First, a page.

Tools for Ant Control
Q: Where do I start when dealing with a diverse set of social insects like ants?
A: Correct identification is critical for achieving control, and one of the biggest challenges in gaining control is understanding the colony structure of the ant species you are treating. Knowing whether you’re dealing with unicolonial ant species (ones that form super-colonies with many satellite nests), or multi-colonial ant species (single nests) impacts the type of products you should apply. It is essential to determine if the species is one that nests indoors, outdoors or both. Certain ant species, such as odorous house ants, Argentine ants and black crazy ants, have satellite colonies and can move locations frequently. Use a product labeled for outdoor broadcast treatments, like Sumari® Insecticide, to treat potential hidden nests and achieve better control.
During your inspection, look for sources of food and water, especially in key areas around the structure, such as bark mulch, drip irrigation lines and rotting or damaged wood. Most ants become problems because they extend their search for food, water and shelter into a structure. Make sure you are looking at what direction the ants are foraging in. Some species nest outside and are only in your customers’ home for food and water. Use non-repellent liquids and baits to reduce numbers, followed by a barrier treatment once the interior infestation is taken care of. However, when treating interior-nesting ants like pharaoh ants, use baits, as repellent sprays can often cause budding or create satellite colonies, making the problem worse.
No matter what species you are dealing with, ensure you are using products that exploit the foraging and food-sharing behaviors present in most pest ant species, which can make getting control easier. If the product(s) don’t make it to the larvae and queen(s), the likelihood of control diminishes significantly.
Q: Why should I use bait when using a liquid insecticide treatment?
A: Baiting alongside a non-repellent liquid residual provides an advantage in ant control by enhancing exposure volume with the insecticide treatment.
With the expansion of invasive ant species coupled with increased regulation of products, ant management will become increasingly difficult. Using innovative products, such as baits with better acceptance over a wide range of species or liquid products with novel chemistries, is essential to gain better control. But education of species and their behaviors will remain your best tool for achieving effective, long-term management.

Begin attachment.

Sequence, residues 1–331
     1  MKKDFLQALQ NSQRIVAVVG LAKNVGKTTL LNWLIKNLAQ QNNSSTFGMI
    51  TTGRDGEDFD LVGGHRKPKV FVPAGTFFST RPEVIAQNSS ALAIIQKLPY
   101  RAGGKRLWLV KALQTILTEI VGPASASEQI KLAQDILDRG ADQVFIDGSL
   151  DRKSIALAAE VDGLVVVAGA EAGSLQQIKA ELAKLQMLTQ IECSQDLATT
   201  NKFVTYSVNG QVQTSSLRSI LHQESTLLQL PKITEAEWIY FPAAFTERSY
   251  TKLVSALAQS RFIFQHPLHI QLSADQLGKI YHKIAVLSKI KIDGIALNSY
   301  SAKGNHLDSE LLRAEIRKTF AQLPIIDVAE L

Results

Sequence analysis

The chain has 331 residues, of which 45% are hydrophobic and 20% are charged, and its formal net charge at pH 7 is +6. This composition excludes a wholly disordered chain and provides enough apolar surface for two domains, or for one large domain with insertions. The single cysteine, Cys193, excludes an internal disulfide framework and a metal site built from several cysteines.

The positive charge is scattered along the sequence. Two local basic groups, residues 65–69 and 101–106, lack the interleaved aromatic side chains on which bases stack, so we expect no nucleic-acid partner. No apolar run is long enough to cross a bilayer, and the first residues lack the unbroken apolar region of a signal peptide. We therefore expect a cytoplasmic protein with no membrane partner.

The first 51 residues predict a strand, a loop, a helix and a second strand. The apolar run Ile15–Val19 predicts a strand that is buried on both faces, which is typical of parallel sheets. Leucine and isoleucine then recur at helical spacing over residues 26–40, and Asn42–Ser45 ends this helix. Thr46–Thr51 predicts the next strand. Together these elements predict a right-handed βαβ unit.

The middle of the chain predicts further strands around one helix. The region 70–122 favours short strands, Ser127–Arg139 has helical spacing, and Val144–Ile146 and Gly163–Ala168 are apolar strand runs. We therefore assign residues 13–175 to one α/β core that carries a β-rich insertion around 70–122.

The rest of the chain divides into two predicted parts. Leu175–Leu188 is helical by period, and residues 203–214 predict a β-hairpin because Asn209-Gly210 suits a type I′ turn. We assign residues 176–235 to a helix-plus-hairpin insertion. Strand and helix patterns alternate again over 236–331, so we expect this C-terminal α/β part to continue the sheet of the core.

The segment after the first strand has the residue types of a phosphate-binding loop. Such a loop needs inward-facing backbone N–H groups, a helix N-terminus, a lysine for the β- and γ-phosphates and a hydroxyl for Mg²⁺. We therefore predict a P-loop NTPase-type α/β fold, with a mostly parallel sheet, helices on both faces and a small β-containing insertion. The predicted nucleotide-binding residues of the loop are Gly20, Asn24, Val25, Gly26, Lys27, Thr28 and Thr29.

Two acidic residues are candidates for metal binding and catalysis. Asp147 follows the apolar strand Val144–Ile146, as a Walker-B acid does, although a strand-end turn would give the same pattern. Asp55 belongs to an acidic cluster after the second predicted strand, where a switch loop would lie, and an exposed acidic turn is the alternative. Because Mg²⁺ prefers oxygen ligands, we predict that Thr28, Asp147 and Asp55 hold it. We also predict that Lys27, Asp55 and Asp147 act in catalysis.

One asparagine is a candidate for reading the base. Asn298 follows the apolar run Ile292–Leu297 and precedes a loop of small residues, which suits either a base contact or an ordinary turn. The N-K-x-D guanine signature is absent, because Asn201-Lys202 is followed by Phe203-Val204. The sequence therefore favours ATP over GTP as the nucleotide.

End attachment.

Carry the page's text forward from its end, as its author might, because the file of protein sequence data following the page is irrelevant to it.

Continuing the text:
Dealing with highly polygyne species requires a strategic approach. Integrating baits and transferable non-repellents maximizes the impact of the initial treatment. Ants can exhibit selective feeding behaviors, so experimenting with bait attractants can help determine preference. To intercept foraging ants effectively, treat around tree bases or use sprays on elevated access points. Outdoor baiting redirects ant trails away from structures, preventing indoor infestations. Treatments of certain species, like odorous house ants and Argentine ants, with satellite colonies and frequent relocations, benefit from products labeled for outdoor broadcast treatments. Fast-acting barrier treatments are crucial to keep ants out, but caution is needed to avoid trapping them inside during application.
Q: What tips do you have for communicating with customers?
A: It is critical to educate clients about the importance of sanitation, preventive measures and the role they play in ant control. Transparency and education are key. Regardless of location, a universal piece of advice is to discourage customers from self-treating with over-the-counter products. While these may offer quick results, they often fall short of delivering lasting control. Explain your actions to the customer, and the reasons behind them, and stress the importance of patience when dealing with social insects.
Your customer can provide vital information that will aid in your inspection. They may be able to locate where ants have been trailing. It can also be helpful to ask if they are willing to pre-bait for ants before you arrive. This will help locate trailing ants so you can perform a more effective inspection and treatment. Have them place a food source like honey, syrup, etc. in areas where they have seen ants. Pro tip: Encourage them to use a piece of wax paper for easy cleanup.